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World: Analysis From Washington -- Transparency And Tensions

Washington, 23 June 1999 (RFE/RL) -- New financial rules intended to reduce volatility in global markets appear likely to have the unintended consequence of exacerbating tensions between wealthy and poor countries.

The new collection of rules was generated by G-7 and IMF policy makers in response to the increasing number of problems developing countries and Western investors in them have faced over the last several years.

Specifically intended to limit the negative impact of rapid capital flows without depriving developing countries of the opportunities foreign investment can provide, the new rules are likely to go into effect soon now that they have been praised over the weekend by the G-7 summit at Cologne.

While they almost certainly will bring greater order into the international financial marketplace, three of these rules are likely to generate political problems even as they solve economic ones.

First, one new rule would allow the IMF to punish countries which fail to provide full and accurate information about the state of their economies by lowering their credit rating, something lenders want but that borrower countries may find both intrusive and offensive.

This call for more information reflects the difficulties the international investment community has had with South Korea and Thailand, two countries whose governments hid data about the difficulties their economies faced until things reached a crisis point.

Greater transparency will certainly contribute to more accurate assessments by the international community, but it is almost certain to anger many governments by requiring them to provide information to outsiders that they often have been unwilling to provide to anyone.

Second, another new rule is intended to keep developing countries and emerging markets from trying to defend a fixed exchange rate at times of economic turmoil, an approach lender countries generally reject for themselves and thus one that borrower states may find offensive.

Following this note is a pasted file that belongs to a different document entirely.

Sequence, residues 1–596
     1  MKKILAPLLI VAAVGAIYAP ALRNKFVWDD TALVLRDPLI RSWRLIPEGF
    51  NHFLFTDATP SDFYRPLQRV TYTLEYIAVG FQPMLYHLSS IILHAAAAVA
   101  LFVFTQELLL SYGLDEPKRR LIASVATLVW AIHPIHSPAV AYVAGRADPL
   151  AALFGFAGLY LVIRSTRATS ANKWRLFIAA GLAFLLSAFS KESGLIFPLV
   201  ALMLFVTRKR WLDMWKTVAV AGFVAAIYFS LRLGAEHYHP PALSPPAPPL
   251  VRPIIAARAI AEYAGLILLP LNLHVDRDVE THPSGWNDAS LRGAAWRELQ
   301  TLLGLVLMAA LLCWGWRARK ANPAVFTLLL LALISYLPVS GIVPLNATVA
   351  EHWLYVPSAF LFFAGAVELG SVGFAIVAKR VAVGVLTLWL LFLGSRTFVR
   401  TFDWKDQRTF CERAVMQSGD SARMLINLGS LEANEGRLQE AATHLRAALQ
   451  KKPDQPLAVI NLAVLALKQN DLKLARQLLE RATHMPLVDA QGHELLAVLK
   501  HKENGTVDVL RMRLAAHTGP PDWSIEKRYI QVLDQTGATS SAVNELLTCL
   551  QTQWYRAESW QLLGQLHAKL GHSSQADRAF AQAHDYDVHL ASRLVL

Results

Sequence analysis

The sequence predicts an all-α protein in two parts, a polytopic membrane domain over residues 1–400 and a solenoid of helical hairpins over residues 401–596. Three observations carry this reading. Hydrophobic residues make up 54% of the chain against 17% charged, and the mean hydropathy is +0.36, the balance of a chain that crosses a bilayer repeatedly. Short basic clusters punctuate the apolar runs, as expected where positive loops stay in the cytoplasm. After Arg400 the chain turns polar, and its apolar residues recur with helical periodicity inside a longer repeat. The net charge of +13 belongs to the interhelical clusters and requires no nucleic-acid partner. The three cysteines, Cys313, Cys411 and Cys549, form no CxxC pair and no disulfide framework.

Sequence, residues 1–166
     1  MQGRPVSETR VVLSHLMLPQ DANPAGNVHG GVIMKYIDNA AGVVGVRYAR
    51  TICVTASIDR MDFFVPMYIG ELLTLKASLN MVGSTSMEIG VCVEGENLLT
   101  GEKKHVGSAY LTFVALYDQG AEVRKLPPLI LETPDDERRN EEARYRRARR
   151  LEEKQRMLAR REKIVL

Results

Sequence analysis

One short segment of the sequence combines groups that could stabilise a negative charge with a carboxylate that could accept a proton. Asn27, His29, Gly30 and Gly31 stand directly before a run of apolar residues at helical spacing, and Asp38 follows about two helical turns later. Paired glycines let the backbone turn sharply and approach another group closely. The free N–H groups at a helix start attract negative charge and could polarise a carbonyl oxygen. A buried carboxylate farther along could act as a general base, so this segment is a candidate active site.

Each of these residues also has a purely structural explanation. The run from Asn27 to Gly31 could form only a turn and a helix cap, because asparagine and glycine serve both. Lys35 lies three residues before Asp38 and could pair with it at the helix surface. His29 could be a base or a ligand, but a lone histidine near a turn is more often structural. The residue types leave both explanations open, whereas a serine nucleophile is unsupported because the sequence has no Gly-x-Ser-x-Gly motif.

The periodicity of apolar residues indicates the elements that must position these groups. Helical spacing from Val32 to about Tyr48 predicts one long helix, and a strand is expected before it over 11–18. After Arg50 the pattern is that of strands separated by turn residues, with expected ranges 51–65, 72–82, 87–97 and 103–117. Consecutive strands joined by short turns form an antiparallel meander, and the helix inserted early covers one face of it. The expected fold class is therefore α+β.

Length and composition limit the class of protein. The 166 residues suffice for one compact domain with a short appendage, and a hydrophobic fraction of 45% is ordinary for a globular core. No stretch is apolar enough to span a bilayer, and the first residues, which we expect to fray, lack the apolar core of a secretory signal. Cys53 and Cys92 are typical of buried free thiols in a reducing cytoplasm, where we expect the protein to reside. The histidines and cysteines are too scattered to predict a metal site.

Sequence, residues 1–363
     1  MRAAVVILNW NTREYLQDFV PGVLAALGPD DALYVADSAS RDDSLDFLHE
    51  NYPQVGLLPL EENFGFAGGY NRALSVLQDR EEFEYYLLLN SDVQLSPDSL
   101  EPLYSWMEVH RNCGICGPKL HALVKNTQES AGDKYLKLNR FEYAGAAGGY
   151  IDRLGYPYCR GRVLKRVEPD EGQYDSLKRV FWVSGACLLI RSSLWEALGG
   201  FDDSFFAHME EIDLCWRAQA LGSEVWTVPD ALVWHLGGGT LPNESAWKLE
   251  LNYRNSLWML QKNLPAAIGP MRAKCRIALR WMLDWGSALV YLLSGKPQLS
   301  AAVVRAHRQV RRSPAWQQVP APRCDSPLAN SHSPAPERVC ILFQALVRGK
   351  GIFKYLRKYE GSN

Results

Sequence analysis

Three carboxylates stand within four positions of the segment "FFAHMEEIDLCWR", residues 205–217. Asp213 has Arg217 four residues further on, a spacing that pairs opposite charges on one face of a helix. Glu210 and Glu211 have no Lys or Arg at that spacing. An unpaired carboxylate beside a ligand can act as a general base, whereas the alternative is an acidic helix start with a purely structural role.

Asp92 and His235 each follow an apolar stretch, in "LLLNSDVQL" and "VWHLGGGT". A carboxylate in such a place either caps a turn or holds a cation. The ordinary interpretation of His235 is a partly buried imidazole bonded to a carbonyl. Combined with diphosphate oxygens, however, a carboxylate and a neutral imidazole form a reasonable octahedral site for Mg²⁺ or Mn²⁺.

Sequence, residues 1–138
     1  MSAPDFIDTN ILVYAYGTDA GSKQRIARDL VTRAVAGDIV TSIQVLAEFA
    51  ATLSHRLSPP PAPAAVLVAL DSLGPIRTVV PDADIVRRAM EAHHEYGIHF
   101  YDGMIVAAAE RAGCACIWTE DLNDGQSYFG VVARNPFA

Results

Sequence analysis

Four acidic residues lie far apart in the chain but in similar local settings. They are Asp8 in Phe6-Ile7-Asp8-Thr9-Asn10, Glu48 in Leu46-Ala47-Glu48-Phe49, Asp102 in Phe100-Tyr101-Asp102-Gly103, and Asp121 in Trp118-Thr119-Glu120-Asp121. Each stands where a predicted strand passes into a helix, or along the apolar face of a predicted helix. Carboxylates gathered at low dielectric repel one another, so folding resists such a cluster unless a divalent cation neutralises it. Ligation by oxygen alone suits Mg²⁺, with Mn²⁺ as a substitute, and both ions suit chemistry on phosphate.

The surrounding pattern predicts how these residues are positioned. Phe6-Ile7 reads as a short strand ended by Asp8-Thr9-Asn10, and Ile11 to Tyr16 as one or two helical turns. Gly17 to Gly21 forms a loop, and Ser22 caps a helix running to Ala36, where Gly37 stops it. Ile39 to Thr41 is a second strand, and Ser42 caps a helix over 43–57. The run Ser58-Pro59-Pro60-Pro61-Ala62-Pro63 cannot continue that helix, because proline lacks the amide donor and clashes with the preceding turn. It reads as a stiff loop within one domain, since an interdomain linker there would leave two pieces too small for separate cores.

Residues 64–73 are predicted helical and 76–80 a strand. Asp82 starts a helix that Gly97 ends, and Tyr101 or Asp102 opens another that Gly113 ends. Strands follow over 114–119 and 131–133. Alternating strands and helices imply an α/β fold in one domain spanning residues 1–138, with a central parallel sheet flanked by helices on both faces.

According to the G-7 draft, the IMF will enforce this by generally refusing to provide large rescue loans to any country "intervening heavily to support a particular exchange rate level."

This rule has one escape clause: countries can try to maintain rigid exchange rates if they have currency boards, official bodies which have sufficient dollar reserves to back the currencies involved.

Not only are some governments likely to view this new rule as creating a two-tier system of countries in terms of currency rates, but many of them are certain to object to IMF efforts to force a currency board on them as part of the price of getting new loans.

And third, another new rule seeks to discourage Western investors from putting money into emerging markets without due diligence on the expectation that the IMF views some countries as too important to fail and thus will bail out both these countries and those who invest in them.

A response to sometimes reckless Western investment in the Russian Federation after the collapse of communism, this new rule will certainly reduce the willingness of Western firms to invest there until Moscow takes action on a number of fronts.

Many Russians are thus likely to view this as directed solely at them because they will be the first victims of declining foreign investment. But they may not be the last.

If Western private investment in Russia declines, Moscow is certain to appeal to Western governments for government to government assistance. And such appeals, again couched in the notion that Russia is too big to fail, could end up subverting the intent of this rule. Not only would that anger many Western taxpayers, but it almost certainly would infuriate other countries which lack the status to make such demands on Western governments.

For all these reasons, governments of countries which need aid are likely to view the new rules much as they have often viewed the old ones: as protections for lenders rather than assistance to those who need to borrow.

Because that is the case, at least some governments are likely to try to build their authority by standing up to the new IMF rules. Some other states are likely to try to organize this anger against the West. And international financial institutions are likely to continue to grapple with how best to manage the new global economy.